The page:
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Depression Research and Treatment
Volume 2014, Article ID 735307, 8 pages
http://dx.doi.org/10.1155/2014/735307
Research Article

Stresses and Disability in Depression across Gender

1Department of Psychiatry, Smt. Kashibai Navale Medical College and General Hospital, Narhe, Pune, Maharashtra 411041, India
2Maharashtra Institute of Mental Health, Pune 411001, India
3Psychiatry Unit, KEM Hospital, Pune 411011, India

Received 31 July 2013; Revised 12 October 2013; Accepted 27 October 2013; Published 21 January 2014

Academic Editor: Yvonne Forsell

Copyright © 2014 Sharmishtha S. Deshpande et al. This is an open access article distributed under the Creative Commons Attribution License, which permits unrestricted use, distribution, and reproduction in any medium, provided the original work is properly cited.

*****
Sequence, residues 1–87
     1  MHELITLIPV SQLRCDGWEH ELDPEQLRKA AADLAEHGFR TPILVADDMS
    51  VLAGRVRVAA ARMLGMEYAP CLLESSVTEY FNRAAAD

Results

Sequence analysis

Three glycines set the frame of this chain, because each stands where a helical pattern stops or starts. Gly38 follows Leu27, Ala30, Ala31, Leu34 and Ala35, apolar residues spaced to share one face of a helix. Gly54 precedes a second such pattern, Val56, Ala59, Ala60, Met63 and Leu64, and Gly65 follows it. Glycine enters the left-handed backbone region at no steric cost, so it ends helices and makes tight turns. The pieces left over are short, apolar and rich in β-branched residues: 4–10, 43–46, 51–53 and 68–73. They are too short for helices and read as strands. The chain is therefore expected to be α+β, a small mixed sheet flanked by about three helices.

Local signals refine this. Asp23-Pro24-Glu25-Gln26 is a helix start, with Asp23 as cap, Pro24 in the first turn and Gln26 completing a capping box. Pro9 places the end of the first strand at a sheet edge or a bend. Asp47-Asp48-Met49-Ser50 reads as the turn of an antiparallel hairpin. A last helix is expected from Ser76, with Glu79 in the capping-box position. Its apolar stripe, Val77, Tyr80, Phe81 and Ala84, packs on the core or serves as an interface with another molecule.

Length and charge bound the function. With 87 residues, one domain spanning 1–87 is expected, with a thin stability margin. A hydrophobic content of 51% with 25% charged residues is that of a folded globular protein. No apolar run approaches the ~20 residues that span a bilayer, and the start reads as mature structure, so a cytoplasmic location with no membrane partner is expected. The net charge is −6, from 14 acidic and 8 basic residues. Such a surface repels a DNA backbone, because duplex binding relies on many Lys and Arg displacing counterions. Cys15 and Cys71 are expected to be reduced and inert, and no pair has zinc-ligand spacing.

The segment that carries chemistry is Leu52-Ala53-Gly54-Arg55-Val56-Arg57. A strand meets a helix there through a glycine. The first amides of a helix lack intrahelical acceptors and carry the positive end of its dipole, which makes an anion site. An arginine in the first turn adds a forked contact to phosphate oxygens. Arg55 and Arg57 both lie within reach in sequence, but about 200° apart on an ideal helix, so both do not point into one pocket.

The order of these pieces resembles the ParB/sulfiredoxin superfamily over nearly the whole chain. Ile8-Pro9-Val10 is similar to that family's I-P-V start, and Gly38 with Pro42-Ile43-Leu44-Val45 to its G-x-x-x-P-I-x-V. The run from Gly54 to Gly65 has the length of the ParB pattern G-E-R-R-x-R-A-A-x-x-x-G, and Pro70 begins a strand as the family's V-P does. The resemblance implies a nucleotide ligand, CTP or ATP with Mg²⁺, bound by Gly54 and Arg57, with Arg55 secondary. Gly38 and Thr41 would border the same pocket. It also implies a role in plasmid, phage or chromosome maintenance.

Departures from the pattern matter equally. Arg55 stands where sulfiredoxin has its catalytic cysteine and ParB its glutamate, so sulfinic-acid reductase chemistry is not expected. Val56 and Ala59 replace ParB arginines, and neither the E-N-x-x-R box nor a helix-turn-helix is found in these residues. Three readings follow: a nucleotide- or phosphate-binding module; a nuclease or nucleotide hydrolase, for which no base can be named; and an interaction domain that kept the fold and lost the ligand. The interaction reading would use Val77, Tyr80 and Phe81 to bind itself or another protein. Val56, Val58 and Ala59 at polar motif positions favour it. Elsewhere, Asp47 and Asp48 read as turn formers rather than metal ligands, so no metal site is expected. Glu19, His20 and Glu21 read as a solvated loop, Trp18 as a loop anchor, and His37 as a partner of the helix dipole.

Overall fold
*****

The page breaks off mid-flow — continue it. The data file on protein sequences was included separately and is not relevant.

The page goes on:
Abstract

Depression, though generally episodic, results in lasting disability, distress, and burden. Rising prevalence of depression and suicide in the context of epidemiological transition demands more attention to social dimensions like gender related stresses, dysfunction, and their role in outcome of depression. Cross-sectional and follow-up assessment of men and women with depression at a psychiatric tertiary centre was undertaken to compare their illness characteristics including suicidal ideation, stresses, and functioning on GAF, SOFAS, and GARF scales (). We reassessed the patients on HDRS-17 after 6 weeks of treatment. Paired t-test and chi-square test of significance were used to compare the two groups, both before and after treatment. Interpersonal and marital stresses were reported more commonly by women () and financial stresses by men () though relational functioning was equally impaired in both. Women had suffered stresses for significantly longer duration (). Men had more impairment in social and occupational functioning compared to females (). History of suicide attempts was significantly associated with more severe depression and lower levels of functioning in case of females with untreated depression. Significant cross-gender differences in stresses, their duration, and types of dysfunction mandate focusing on these aspects over and above the criterion-based diagnosis.